Living in the Hope of Fire

Growing up Pentecostal, and now continuing in the same tradition, I’ve heard my fair share of sermons and lessons on fire. And, full disclosure, I’ve talked about it myself. But in Peter’s second letter the talk of fire is not ethereal, it’s earthy. He isn’t talking about spiritual passion as much as literal destruction.

In 2 Peter chapter three there is a lot of talk about the “day of the Lord.” This at first comes across as ominous and boomy: things stored up for fire (3:7), images of the great flood (3:6) and a story about a thief coming by surprise under the cover of darkness (3:10). But the tone of Peter’s words isn’t focused on an ending but a beginning. And this, perhaps, is one of the most curious parts of this text. He takes images and words that we almost alway associate with fear and destruction and re-imagines them. No longer are fire and flood and thieves things to create fear, but they are the hopeful doorways that provide access into God’s future for the world!

This is a big issue for Peter in more than a cosmic sense.

He doesn’t simply see the fiery restoration of the world as something that will one day happen to us, he actually sees it as a pattern for us now, in the present, long before the end arrives.

And he makes this clear:

Since all these things are thus to be dissolved, what sort of people ought you to be in lives of holiness and godliness

2 Peter 3:11

It seems as though Peter is not just saying, “be ready for the end,” but he’s looking at the end and imagining how patterns of holiness and godliness are actually developed. Peter isn’t just talking about the end of the world, he is talking about the end of the parts of our lives that – like the present world – need to be touched by the heat of fire, the washing of the flood and the hand of the thief in order to become what it was supposed to be all along.

A handful of times in my life I have taken on the task of putting together a piece of furniture. Most furniture that comes in a box isn’t really furniture, it’s just a collection of dozens of pieces of wood, metal, plastic, rubber, and small clear baggies of screws and dowels. The manufacturer boxes up all these pieces and sends them to you along with a 4 page pamphlet that makes very little sense but for some reason still carries the title “Instructions.”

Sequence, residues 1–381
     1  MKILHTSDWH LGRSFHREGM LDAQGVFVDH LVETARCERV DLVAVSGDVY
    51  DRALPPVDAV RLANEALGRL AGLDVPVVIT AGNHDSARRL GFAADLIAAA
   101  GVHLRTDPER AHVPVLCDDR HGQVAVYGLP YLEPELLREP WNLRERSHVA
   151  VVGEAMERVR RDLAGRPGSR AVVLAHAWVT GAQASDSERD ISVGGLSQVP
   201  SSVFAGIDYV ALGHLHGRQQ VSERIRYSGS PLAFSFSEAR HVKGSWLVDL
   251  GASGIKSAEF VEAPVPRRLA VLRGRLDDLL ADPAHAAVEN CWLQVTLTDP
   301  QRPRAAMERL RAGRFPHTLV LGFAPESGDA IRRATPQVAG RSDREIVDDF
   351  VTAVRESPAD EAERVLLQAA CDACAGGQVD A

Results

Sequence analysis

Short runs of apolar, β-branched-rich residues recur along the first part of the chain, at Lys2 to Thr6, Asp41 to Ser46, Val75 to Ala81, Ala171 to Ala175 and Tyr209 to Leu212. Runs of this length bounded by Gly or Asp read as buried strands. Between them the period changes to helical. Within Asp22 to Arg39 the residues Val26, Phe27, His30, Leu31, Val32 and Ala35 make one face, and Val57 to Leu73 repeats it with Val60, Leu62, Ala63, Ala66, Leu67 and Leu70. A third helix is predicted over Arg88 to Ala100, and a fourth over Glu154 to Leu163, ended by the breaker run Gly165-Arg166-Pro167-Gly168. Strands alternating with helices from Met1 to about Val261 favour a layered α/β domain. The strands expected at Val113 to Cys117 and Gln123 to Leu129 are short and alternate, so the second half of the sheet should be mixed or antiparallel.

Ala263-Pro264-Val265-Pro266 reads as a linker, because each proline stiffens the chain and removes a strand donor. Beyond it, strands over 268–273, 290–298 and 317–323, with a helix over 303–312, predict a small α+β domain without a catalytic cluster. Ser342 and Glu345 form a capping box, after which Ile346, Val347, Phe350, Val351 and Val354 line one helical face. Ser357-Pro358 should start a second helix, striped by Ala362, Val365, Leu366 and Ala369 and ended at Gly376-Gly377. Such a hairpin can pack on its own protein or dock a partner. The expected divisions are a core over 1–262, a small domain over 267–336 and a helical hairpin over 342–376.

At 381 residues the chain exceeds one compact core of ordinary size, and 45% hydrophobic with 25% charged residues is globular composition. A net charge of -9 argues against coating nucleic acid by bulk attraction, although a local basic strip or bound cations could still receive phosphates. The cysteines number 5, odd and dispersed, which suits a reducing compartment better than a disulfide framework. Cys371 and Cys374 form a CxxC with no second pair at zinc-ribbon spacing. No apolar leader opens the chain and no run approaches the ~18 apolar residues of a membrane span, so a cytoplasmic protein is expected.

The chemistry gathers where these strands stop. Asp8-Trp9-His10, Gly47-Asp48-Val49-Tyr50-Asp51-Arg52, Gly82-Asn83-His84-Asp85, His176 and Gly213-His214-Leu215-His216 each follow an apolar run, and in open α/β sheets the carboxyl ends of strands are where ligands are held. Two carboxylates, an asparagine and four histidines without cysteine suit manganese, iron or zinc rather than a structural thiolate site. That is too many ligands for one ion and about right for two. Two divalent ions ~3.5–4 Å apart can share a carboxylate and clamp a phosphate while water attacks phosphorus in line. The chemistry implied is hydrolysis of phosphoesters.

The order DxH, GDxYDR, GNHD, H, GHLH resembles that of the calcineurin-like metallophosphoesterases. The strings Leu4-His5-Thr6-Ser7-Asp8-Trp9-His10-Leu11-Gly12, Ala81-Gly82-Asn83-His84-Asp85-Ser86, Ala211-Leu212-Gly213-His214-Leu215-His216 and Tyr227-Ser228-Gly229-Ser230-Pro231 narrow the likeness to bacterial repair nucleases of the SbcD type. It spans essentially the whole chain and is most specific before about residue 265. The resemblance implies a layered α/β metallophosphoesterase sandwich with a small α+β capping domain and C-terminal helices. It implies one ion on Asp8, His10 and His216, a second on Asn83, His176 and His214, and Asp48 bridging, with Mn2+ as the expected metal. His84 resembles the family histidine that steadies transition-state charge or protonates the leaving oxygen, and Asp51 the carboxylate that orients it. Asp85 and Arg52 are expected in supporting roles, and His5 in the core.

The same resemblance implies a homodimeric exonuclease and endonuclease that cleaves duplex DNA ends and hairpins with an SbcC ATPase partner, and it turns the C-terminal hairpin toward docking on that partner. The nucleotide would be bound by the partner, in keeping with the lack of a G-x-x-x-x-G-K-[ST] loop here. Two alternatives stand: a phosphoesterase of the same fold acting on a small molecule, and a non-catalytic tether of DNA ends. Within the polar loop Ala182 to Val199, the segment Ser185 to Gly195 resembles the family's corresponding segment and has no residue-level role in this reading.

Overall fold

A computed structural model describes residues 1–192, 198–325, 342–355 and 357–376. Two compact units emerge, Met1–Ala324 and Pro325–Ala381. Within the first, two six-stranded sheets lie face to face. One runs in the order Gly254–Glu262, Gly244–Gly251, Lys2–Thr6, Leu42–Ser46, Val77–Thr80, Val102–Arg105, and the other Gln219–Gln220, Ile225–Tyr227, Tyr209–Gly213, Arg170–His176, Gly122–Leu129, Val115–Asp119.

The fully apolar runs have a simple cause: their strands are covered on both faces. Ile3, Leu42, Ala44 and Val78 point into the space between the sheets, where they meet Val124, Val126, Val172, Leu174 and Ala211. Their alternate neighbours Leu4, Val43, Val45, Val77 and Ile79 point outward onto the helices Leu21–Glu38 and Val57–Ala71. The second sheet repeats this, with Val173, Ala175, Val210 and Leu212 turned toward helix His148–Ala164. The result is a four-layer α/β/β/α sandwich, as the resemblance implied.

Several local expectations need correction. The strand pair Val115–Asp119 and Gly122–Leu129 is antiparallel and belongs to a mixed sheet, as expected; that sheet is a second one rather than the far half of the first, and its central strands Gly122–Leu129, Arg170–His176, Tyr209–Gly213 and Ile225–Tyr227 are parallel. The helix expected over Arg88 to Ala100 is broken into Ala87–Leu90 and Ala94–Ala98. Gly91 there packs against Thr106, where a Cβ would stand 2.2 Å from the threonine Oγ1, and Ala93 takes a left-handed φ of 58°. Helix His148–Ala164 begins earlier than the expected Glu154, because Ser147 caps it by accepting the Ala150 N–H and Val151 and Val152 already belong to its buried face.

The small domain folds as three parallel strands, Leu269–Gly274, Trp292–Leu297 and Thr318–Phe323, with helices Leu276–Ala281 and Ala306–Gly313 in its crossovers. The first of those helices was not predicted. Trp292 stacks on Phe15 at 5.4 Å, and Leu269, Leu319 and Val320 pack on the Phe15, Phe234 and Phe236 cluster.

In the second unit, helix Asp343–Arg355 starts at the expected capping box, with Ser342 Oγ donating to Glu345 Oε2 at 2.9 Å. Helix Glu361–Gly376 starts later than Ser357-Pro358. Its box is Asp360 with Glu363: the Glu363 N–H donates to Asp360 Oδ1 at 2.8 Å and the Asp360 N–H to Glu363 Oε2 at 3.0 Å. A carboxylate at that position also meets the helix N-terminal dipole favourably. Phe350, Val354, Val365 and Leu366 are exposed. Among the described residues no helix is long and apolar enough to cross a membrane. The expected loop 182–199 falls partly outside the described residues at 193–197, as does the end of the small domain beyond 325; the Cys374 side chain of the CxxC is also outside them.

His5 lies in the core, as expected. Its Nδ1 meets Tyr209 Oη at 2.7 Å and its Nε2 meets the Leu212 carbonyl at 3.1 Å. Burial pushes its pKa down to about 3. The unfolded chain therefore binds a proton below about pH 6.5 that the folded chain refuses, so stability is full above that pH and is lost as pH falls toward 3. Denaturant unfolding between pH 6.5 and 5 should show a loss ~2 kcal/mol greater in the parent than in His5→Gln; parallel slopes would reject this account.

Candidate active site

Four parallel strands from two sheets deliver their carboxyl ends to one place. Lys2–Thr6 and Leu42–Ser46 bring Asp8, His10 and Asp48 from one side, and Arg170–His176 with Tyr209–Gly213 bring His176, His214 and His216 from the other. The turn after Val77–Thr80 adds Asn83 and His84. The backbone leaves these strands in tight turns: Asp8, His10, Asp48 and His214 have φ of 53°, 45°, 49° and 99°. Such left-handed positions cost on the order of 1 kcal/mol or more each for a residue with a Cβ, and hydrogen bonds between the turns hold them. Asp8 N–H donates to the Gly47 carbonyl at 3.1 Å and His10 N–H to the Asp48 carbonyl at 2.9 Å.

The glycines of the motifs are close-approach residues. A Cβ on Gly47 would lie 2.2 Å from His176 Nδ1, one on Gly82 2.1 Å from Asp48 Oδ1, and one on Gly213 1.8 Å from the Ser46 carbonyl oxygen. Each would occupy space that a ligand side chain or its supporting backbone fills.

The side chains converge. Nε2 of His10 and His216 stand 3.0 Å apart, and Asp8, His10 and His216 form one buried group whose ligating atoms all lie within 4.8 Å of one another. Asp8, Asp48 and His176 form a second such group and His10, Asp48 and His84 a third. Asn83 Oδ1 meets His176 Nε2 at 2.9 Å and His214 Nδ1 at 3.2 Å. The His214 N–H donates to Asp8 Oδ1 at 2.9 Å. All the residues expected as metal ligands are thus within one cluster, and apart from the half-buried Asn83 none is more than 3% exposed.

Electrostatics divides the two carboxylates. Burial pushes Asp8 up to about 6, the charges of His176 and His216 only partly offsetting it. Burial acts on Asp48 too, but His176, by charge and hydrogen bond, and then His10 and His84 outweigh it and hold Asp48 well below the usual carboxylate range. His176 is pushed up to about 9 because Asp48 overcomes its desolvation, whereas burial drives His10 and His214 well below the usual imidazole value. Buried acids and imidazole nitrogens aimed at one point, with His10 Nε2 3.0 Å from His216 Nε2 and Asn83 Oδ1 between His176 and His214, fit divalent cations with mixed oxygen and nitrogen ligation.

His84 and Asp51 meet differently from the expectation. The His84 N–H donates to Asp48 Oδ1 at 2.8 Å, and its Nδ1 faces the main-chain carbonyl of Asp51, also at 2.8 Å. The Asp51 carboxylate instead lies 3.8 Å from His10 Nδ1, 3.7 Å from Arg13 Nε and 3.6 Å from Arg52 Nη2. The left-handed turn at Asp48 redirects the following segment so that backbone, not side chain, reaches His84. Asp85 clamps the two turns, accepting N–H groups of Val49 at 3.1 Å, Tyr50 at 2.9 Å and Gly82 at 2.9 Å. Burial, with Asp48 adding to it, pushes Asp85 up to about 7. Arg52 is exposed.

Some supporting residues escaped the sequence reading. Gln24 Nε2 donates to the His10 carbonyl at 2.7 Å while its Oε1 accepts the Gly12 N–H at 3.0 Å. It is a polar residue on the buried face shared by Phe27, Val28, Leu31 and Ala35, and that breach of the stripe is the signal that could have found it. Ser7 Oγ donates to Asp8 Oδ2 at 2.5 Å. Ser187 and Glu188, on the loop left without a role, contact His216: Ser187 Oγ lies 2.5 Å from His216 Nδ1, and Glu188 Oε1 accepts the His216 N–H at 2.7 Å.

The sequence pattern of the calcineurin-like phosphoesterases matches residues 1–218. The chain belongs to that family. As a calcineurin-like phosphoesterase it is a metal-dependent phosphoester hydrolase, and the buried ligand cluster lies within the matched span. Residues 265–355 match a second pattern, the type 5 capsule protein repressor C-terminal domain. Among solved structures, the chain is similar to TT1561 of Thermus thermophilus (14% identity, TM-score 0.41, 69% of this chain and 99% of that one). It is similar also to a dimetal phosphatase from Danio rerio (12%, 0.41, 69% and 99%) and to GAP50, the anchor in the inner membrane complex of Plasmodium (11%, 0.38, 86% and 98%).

Nesha is better at putting these things together than I am, but on occasion, out of a sense of defiance, I choose to start a project by myself. And I have paid the price for doing so on more than one occasion.

The price? Getting three quarters of the way through an assembly project only to realize that a step I skipped – or that I performed incorrectly – was actually the pre-requisite for a future step. In simple terms: if you don’t do step 3 correctly, you can’t get past step 11 because the entire instruction plan is based on a particular order.

So, what happens when step 11 is impossible because step 3 was improperly handled? I have to take everything apart back to to step 3 and then rework the process.

Deconstruction, disassembly, feels like moving backward but it is actually the only way we can move foreword past the places where we are stuck, trapped and limited. Peter’s words about fire, flood and theft come across as destructive; a dismantling of everything we know. Because of this they can incite feelings of ending. As if step 11 is the end for us because deconstruction is a process of finality. But nothing could be further from Peter’s point.

Peter is writing about fire as a purifying force in this chapter. The image is of destruction, but if we stop reading immediately after the destruction then we miss Peter’s real point: the fire is coming, the flood is coming, the thief is coming, to usher in the “new heavens and a new earth in which righteousness dwells” (3:13). The Lord isn’t sending fire because He’s fed up, he’s sending fire because He is making all things new!

And Peter, so carefully and compassionately, subtly suggests that our lives are supposed to be lived in view of this approaching restoration – not just as something that’s on the horizon, but as an insight into our present transformation. We are not afraid of God taking things from us in certain seasons, because we know that the “midnight-thief” isn’t robbing us, but He is actually making room for new beauty in cluttered places. The flood isn’t a method of drowning our lives, but of washing us clean. And we choose not to fear the fires of life because we trust in the Master craftsman’s ability to bring mediocre pieces of art to levels of superlative beauty through the kiln of purification – we are tried in the fire only to come forth as gold.

We are not afraid of God taking things from us in certain seasons, because we know that the “midnight-thief” isn’t robbing us, but He is actually making room for new beauty in cluttered places.

The perspective Peter provides here is powerful. In the image of the “day of the Lord” we see that it’s nothing short of life changing.

  • – what if we actually believed that the fire of God was really about purity and not punishment?
  • – what if we began to rejoice when we realized the midnight-thief hadn’t stolen anything, but removed the things that were limiting our ability to fully mature?

So yes, we are looking for that glorious day when God purifies and restores all things – making right and beautiful all that is broken and decayed. But what if this is not simply a future event, what if it is also a present mindset? What if part of the reason God chose to reveal His method of restoring the world at the end of time was to help us understand how to live lives of restoration in the middle?

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